American Airlines Attendants Quit Cost-Cutting Talks

American Airlines' flight attendants, angry about the carrier's decision to pay managers $100 million in bonuses, say they will no longer cooperate with an effort between the company and unions to lower costs.

The dispute, triggered by the January disclosure of the payments, is threatening a plan by CEO Gerard Arpey to reduce costs and avert bankruptcy by courting the support of unions.

The airline and its three biggest labor groups began arguing before a neutral arbitrator Wednesday over whether the bonuses violate workers' contracts.

The Association of Professional Flight Attendants, the airline's second-largest union, has withdrawn from the joint effort until the bonus issue is resolved, union President Tommie Hutto-Blake said Tuesday.

AMR Corp., the Fort Worth-based parent company of the world's largest airline, plans to pay some managers $99.9 million even as it loses money and seeks cost cuts from workers.

"The minute you have one of those 'Oh my gosh' moments, it clears the board," said Bob Mann, head of R.W. Mann & Co., a Port Washington, New York-based firm that consults for airlines and unions. "All the accumulated goodwill is drained immediately. It's a fickle thing, and it's hard to win back."

Since taking over as CEO in 2003, Arpey has been trying to forge closer ties with labor, hoping to avoid union conflicts that helped push rivals such as Northwest Airlines Corp. and Delta Air Lines Inc. into bankruptcy last year.

American shares have risen sixfold since Arpey was named to the company's top position. Wednesday on the New York Stock Exchange, the stock gained $1.19, or 4.8 percent, to close at $25.96.

The fight over bonuses comes seven months after American for the first time invited unions to help it lobby Congress to change pension rules. Arpey and other American executives joined 300 workers in Washington, D.C., bunking in the same spartan college dorm rooms, for individual meetings with members of Congress and their aides.

Labor leaders, who knew the bonus program had been created by AMR's board, were surprised by the size of the planned payments, almost $2 million for one executive alone. The unions contend the program violates a 2003 agreement establishing annual incentives that were to align management compensation with pay for line employees.

As the company and officials from unions representing the flight attendants, pilots and mechanics prepared for three days of meetings with a neutral arbitrator near the company's headquarters, the flight attendants removed their logo from a joint newsletter updating workers on the collaborative effort. It also stopped posting a link to the document on its Web site. The union previously suspended meetings tied to the effort.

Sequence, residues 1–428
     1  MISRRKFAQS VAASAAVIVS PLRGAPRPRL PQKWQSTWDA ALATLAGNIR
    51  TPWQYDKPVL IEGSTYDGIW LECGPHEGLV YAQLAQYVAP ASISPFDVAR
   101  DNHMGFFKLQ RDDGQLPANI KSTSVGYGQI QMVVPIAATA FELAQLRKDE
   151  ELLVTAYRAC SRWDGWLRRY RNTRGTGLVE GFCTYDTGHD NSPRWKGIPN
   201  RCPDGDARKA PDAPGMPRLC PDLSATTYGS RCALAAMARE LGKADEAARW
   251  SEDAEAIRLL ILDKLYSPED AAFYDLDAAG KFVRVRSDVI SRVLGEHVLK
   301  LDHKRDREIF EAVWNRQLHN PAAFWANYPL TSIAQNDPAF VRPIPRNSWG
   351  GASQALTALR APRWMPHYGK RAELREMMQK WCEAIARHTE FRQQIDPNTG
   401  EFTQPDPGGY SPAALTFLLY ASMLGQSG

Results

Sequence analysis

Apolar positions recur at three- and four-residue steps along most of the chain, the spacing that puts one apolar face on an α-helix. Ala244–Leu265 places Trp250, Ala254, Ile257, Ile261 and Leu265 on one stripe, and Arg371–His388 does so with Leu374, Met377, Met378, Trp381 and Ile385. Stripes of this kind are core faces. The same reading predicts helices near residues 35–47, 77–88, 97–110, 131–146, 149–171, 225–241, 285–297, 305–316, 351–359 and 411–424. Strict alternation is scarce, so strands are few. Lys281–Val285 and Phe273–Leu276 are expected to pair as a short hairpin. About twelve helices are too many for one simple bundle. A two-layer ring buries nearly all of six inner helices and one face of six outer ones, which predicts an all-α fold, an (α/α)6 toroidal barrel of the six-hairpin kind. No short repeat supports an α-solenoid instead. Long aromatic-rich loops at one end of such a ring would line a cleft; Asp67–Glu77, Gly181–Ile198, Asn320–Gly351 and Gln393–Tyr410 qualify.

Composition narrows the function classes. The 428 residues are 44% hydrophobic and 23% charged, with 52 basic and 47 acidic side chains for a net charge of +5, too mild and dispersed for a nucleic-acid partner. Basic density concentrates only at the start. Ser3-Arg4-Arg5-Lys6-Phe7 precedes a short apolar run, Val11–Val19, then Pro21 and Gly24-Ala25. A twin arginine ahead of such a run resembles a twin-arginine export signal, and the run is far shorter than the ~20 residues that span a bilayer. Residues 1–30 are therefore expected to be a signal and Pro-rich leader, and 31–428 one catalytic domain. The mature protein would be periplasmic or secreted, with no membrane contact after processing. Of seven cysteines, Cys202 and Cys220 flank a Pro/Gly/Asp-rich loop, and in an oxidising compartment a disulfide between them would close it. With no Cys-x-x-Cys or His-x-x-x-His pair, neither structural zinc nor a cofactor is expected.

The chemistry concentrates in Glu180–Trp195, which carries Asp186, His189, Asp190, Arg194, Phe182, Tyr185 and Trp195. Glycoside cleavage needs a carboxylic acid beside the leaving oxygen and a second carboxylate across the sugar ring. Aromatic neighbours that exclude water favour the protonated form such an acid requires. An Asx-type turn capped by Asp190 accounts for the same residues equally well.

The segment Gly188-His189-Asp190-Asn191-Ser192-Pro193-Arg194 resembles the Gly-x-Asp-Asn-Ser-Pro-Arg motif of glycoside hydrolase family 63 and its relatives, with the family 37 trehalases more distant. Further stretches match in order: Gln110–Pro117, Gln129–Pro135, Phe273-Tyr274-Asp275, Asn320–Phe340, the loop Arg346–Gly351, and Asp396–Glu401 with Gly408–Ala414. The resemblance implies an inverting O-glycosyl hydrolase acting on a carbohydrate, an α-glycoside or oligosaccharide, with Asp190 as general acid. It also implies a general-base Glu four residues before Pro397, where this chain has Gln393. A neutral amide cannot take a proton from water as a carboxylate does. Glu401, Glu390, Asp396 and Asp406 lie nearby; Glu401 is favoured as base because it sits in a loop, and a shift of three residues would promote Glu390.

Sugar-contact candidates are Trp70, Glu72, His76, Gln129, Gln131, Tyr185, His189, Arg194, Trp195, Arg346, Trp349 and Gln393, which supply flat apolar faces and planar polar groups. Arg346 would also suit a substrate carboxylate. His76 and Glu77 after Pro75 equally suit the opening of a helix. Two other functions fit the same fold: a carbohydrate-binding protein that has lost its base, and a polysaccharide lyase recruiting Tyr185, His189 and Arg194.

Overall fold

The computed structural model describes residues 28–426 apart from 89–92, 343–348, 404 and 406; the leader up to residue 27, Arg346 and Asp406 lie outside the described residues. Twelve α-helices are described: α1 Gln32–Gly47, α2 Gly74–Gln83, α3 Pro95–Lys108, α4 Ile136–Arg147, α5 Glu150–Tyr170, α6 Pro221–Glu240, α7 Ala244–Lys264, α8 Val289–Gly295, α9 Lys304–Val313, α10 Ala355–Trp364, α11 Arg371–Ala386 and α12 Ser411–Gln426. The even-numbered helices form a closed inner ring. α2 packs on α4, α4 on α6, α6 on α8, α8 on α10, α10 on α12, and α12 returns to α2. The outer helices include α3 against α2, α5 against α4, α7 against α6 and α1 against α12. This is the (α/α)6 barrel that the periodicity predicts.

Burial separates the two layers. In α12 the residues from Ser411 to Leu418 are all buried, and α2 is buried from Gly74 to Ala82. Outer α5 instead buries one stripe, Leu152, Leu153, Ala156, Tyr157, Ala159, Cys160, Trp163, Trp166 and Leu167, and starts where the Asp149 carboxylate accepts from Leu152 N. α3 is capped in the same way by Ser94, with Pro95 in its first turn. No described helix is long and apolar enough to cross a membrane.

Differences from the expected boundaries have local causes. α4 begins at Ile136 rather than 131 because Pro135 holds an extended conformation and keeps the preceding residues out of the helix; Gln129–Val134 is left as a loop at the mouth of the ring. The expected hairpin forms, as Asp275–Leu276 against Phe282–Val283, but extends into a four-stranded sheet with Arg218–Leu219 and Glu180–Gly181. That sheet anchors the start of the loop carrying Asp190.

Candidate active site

"It's not a detour, it's a roadblock," Hutto-Blake said of the planned April payouts. "I want to get on with the work but, right now, I've got a roadblock."

The airline is "sorry" the flight attendants removed "their name and participation from this issue," spokeswoman Lisa Bailey said. "We look forward to working with them on future issues."

The Allied Pilots Association dropped plans Friday to discuss contract changes that would boost productivity, saying it would not resume until the bonus issue is resolved. The union has not given details of what kinds of changes were to be considered. Its board agreed to the talks in November.

"The fact that managers signed on to a program that enriches them, and the people who made the change possible are left out in the cold, that leaves a bad taste in the mouth of labor," said Denis Breslin, a pilots union spokesman.

The unions, which represent 81 percent of the company's 77,700 U.S. employees, filed grievances over the payments in January.

The meetings in Washington last summer represented a high point for Arpey's "pull together, win together" strategy, according to company officials and union leaders.

"That's where working together really got legs," Jeff Brundage, senior vice president for human resources, said in an interview last year. "It became a mantra for not doing business the way we always had."

Arpey's predecessor, Don Carty, resigned in April 2003 when management perks and benefits came to light after workers agreed to $1.8 billion in job, pay and benefit cuts that saved the company from a bankruptcy filing.

American's cooperation with unions since then has "significantly differentiated" the airline from Delta and Northwest, said Jamie Baker, a JP Morgan Securities analyst in New York. Both carriers filed for bankruptcy in September.

Among the five largest U.S. airlines, American is the only one never to have gone bankrupt.

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